In my role as Vice President and Dean for Graduate School at Virginia Tech, I have thought a lot about transforming graduate education in general and more specifically about preparation in an academic area as well as preparation for career(s) after degree completion. The graduate dean should think about these things and create opportunities and programs for graduate students to enhance their preparation for success in the career options they can pursue following degree completion. Academic area mentioned above does not mean simply discipline or department but rather encompassing departments, programs and includes multi-, inter- and transdisciplinary areas of study. And careers refer to academic and careers outside academe and the fact that graduates should expect a lifetime of career changes.
Many of us in higher education often make reference to the “I” educated or the “T” educated individuals. The “I” has been used to refer to depth in the discipline and the “T” offering breadth beyond the depth within the discipline. Breadth can be understood in terms of going beyond one’s discipline moving toward multi or interdisciplinary thinking. Breadth can also be interpreted as moving toward a more holistic education that of a well rounded person. Although applicable to graduate education, this breadth has been associated more commonly within the undergraduate experience; education in a discipline plus educational opportunities beyond one’s major(s).
I have reflected on the “I” and the “T” in the context of and advocating for interdisciplinary graduate education. In a blog post entitled “interdisciplinary thinking, Pi and adaptive innovators”, I introduced the Pi symbol as a visual representation of interdisciplinary thinking and adaptive innovators.
Pi is primarily understood as a mathematical constant or a Greek letter. Much has been written about Pi in those contexts but I use it here as a symbol of and metaphor for interdisciplinarity. As shown above, the symbol Pi includes three lines: two vertical lines and one line across the top of the two vertical lines. Beyond the straight line, each of these lines has an additional feature at one end.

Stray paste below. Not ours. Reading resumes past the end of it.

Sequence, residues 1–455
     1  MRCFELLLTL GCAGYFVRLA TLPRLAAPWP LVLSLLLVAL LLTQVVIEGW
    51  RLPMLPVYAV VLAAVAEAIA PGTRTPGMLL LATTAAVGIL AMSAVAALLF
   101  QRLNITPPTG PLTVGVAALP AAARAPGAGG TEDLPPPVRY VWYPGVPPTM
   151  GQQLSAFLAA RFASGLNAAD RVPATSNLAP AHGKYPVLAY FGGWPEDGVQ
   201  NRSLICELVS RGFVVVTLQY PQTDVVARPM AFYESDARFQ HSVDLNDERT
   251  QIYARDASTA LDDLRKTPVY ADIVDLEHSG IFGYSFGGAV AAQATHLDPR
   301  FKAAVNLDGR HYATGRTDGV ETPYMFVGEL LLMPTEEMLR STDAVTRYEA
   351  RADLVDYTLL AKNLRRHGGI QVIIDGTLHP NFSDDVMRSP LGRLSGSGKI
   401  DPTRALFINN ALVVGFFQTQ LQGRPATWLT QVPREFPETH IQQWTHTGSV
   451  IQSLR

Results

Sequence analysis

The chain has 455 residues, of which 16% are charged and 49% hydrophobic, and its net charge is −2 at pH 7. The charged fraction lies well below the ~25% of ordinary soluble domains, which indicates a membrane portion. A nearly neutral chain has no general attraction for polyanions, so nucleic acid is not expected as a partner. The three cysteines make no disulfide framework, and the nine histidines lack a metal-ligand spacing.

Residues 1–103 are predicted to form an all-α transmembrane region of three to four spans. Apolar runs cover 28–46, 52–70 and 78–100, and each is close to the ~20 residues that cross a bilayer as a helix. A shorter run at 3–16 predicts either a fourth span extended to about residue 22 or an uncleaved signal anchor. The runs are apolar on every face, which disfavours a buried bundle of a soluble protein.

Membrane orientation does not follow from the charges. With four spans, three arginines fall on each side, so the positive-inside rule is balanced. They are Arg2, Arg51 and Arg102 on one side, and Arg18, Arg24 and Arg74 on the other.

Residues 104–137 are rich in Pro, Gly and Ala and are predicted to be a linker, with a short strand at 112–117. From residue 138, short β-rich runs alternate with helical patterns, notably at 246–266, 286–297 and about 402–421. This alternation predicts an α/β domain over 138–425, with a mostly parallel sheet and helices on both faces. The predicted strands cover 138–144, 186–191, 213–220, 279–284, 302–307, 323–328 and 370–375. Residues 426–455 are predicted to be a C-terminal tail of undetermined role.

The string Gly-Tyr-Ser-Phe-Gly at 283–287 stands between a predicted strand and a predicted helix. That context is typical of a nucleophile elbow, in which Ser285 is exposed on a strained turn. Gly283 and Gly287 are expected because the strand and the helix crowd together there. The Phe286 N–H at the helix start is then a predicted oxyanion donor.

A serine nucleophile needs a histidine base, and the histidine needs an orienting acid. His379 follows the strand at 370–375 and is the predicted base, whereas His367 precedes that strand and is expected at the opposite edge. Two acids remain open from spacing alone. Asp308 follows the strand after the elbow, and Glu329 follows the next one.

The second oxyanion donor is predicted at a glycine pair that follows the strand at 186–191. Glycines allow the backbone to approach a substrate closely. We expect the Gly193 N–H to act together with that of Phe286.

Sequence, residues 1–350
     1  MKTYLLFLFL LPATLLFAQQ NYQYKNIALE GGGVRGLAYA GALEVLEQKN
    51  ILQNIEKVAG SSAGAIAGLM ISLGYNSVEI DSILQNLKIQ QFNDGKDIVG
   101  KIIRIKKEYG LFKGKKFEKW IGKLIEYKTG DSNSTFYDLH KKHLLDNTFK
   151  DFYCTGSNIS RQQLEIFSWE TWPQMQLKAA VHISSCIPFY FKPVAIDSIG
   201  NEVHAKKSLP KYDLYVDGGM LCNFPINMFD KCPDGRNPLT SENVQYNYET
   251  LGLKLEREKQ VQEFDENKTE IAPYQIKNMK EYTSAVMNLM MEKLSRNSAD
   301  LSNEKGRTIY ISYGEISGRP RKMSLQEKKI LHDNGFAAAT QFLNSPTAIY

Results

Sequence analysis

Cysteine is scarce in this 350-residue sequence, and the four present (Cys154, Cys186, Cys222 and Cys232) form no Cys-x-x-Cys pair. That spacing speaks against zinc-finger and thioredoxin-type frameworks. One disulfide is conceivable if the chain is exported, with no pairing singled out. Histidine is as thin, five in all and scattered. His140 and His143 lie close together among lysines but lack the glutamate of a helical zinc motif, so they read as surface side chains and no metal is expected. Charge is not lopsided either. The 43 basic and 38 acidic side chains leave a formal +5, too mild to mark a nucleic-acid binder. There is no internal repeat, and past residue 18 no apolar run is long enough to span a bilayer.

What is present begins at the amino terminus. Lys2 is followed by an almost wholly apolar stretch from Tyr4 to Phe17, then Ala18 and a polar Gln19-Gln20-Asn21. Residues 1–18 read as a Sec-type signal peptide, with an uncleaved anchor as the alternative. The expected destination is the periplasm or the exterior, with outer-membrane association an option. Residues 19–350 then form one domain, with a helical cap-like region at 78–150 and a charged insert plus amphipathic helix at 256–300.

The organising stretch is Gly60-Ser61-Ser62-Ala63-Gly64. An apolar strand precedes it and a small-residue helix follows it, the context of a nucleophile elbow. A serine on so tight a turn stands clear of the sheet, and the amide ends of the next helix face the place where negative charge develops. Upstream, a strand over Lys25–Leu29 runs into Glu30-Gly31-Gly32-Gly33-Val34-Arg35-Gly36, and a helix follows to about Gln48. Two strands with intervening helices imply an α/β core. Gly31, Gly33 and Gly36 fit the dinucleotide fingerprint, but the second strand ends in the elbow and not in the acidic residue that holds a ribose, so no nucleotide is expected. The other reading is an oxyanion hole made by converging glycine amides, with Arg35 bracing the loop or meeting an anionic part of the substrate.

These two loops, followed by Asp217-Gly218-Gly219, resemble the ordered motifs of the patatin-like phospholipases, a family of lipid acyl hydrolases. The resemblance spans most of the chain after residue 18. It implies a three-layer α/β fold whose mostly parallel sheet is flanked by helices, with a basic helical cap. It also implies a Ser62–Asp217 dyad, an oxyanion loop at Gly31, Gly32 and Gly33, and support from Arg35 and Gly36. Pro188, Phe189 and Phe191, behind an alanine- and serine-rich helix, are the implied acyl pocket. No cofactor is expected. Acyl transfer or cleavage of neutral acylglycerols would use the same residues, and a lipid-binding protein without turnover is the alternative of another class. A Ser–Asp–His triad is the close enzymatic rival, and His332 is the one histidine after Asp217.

I find the visual compelling in its simplicity. Interdisciplinary thinking and education requires depth in one of more disciplines of study and the ability to integrate across the disciplines. There must be a firm foundation (wider base) grounded in the knowledge within a discipline and a strong connection (anchor, hook) into the academic field(s) of study. The horizontal line provides the link between the academic pillars. Specifically, this line represents the link that facilitates meaningful connections between (among) the academic areas of study, integrates knowledge and understanding across the disciplines and extends beyond the pillars of the disciplines to situate knowledge and understanding in the societal context.
Societal context is important. Academic leaders need to acknowledge and confirm the underlying principle and purpose of higher education “to educate” but we must also be mindful of the need to implement programs that incorporate the knowledge, skills and abilities for success in the work place. Reports from the Council of Graduate Schools (CGS) support and encourage interdisciplinary graduate education. Two additional reports from Educational Testing Services (ETS) and Council of Graduate Schools (CGS) articulate clearly the responsibility of Graduate Schools to prepare graduates for the professoriate and careers outside academe.
In our ongoing efforts to transform graduate education (and higher education), academic leaders should continue to support “I” and “T” education and we must definitely encourage more “Pi”-educated individuals. The universities for the 21st century need scholars who have the depth, breadth, and integrated interdisciplinary perspectives to address the complex problems facing us in 21st century.